The inflation may inch over 9% due to monetary expansion and a spike in international commodity prices and the current account deficit could remain over half a billion dollar in August, says a new report by the Ministry of Finance.

The monthly economic outlook report for the month of August also predicted around $5.5 billion imports in August too, which have become a key reason behind widening of the current account deficit, again.

Year-on-year inflation is expected to fluctuate around 7.6% – 9.2% in August, according to the report prepared by the economic advisory wing of the finance ministry.

It added that Pakistan’s inflation rate is mainly driven by current and past fiscal and monetary policies, international commodity prices, US dollar exchange rate, seasonal factors and economic agents’ expectations concerning the future developments of these indicators.

Inflation had been recorded at 8.4% in July 2021.

Read Inflation threat looms

The newly launched three-year roadmap for economic growth outlines an “acceptable level of inflation” as of the key challenges.

For a country like Pakistan an inflation rate of around 7% is acceptable, said Dr Ashfaque Hasan Khan, former adviser Ministry of Finance.

The monetary expansion has also remained a reason behind higher than targeted inflation rate in the country but it has not been publicly discussed in depth.

The finance ministry report stated that during the last fiscal year, money supply witnessed expansion of Rs3.4 trillion, showing a growth of 16.2 % over the preceding year. It added that an increase in international commodity prices can build pressure on domestic inflation as well as on the balance of payments.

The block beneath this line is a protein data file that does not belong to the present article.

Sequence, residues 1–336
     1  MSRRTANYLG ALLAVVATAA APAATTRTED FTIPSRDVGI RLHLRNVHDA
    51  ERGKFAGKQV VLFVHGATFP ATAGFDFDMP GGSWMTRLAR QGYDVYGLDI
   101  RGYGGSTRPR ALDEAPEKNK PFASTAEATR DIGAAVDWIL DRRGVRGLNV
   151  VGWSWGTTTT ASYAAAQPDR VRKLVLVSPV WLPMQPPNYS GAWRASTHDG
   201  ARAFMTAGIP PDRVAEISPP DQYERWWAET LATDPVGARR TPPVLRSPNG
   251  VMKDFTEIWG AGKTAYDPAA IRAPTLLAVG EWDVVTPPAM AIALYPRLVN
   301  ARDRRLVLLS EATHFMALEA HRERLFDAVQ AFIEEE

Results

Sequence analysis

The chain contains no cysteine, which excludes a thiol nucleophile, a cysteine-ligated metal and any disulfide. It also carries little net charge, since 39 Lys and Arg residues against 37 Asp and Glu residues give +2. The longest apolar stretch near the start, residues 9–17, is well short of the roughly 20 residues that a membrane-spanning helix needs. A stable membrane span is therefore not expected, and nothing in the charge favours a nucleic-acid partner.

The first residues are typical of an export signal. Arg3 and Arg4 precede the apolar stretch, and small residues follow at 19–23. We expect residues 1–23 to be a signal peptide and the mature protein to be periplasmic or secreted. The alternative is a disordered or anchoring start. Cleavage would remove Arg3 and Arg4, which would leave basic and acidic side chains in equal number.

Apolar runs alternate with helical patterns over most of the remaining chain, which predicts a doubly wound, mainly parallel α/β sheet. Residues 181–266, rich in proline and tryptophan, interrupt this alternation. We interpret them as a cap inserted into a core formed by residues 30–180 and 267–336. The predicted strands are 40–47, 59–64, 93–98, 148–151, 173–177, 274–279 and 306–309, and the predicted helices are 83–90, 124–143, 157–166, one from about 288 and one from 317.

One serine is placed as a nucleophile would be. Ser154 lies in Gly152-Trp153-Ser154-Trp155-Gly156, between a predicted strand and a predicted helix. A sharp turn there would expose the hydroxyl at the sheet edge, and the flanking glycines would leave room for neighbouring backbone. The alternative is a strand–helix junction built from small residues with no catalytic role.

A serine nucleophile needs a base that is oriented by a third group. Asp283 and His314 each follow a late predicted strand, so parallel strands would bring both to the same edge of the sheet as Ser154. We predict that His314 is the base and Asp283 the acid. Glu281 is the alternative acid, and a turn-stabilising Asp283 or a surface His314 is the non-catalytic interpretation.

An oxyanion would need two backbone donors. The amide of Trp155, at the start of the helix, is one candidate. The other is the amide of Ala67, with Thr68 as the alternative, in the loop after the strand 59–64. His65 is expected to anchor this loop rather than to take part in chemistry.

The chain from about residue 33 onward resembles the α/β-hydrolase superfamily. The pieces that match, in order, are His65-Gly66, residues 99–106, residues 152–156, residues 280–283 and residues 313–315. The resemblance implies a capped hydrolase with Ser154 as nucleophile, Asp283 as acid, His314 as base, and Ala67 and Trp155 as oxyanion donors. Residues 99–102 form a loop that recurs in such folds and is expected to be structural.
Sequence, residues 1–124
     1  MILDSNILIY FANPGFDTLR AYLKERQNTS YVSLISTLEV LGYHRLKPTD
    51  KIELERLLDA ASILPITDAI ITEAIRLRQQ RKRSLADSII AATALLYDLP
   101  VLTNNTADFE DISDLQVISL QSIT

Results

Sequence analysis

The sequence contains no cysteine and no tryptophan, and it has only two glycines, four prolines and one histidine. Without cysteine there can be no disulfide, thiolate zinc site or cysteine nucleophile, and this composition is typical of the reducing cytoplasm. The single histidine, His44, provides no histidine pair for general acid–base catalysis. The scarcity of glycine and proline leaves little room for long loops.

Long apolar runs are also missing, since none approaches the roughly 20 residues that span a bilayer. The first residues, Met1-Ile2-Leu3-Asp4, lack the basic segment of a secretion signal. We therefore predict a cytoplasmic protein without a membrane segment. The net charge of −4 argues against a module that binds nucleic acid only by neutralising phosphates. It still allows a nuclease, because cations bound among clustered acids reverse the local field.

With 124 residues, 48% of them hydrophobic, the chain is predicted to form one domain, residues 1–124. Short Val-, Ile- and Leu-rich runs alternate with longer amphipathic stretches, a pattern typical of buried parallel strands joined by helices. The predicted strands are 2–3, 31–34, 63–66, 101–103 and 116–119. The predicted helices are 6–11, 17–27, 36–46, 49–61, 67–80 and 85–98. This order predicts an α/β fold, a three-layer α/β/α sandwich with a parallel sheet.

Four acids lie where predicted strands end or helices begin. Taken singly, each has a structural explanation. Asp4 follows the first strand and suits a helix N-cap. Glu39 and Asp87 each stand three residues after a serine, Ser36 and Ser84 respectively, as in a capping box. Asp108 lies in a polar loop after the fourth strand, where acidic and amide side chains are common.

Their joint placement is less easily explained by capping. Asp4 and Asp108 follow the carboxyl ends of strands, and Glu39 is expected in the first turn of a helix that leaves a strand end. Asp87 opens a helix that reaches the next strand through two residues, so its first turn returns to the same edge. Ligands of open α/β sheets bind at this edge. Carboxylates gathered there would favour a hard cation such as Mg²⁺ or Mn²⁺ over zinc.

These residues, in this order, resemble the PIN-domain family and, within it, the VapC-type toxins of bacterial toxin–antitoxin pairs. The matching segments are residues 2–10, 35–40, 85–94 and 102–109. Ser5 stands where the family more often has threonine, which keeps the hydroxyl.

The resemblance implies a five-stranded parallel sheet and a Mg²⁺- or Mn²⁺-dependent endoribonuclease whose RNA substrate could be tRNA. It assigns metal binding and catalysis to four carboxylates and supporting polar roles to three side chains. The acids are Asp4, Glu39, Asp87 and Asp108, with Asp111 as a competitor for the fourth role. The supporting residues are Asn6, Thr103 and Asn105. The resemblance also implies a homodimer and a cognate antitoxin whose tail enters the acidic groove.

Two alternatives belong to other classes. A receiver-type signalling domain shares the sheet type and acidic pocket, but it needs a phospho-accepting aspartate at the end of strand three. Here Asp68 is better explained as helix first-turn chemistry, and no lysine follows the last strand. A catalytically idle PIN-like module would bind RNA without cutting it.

It is expected that trade deficit in goods and services could stabilise to approximately $3 billion in August, said the ministry. The current account deficit is expected to remain at manageable levels taking into account the monthly average of remittances flows around $2.5 billion and other secondary and primary income flows.

The finance ministry said that imports of goods and services will be around $6 billion in this month, implying around $5.5 billion imports of goods. As a result, the current account would remain in deficit at moderate monthly levels of around $500 million this month, said the ministry.

The current account posted a deficit of $773 million (or 2.8% of GDP) in July as against a surplus of $583 million last year.

The central bank has predicted up to $9.5 billion current account deficit in this fiscal year as against $13 billion projection by the Ministry of Finance.

The finance ministry said that the current account deficit widened due to growing import volume of energy and non-energy commodities, along with a rising trend in global prices of oil, Covid-19 vaccines, food, and metals.

On one side, global economic recovery, especially in Pakistan’s main trading partners, is a healthy sign for growth of exports and workers remittances. However, rise in international commodities price are becoming downside risk in terms of high imports value and building inflationary pressure for Pakistan, it added.

Read more Inflation slows to 8.4% in July

Cognizant of these risks, the government has already initiated building strategic reserves of essential commodities along with vigilant monitoring of imports, it added.

The report stated that in absence of any major unexpected negative shocks, the economy is smoothly moving towards a balanced and sustainable growth path.

In July 2021, strong year-on-year growth in large scale manufacturing was also expected on the basis of continued cyclical uptrend in the main trading partners and domestic growth momentum, it added.

Although, the LSM showed double digit growth but the quantum index still remains below pre-Covid level.

The revival of economic activities along with accelerated vaccination process, are promising for achieving a strong economic growth. On the other hand, the risks of pandemic upsurge, along with increase in international commodity prices still exist. In this regard, the government’s measures to build strategic reserves, especially related to food, along with measures to enhance exports will definitely mitigate the associated risks.

Published in The Express Tribune, August 29th, 2021.

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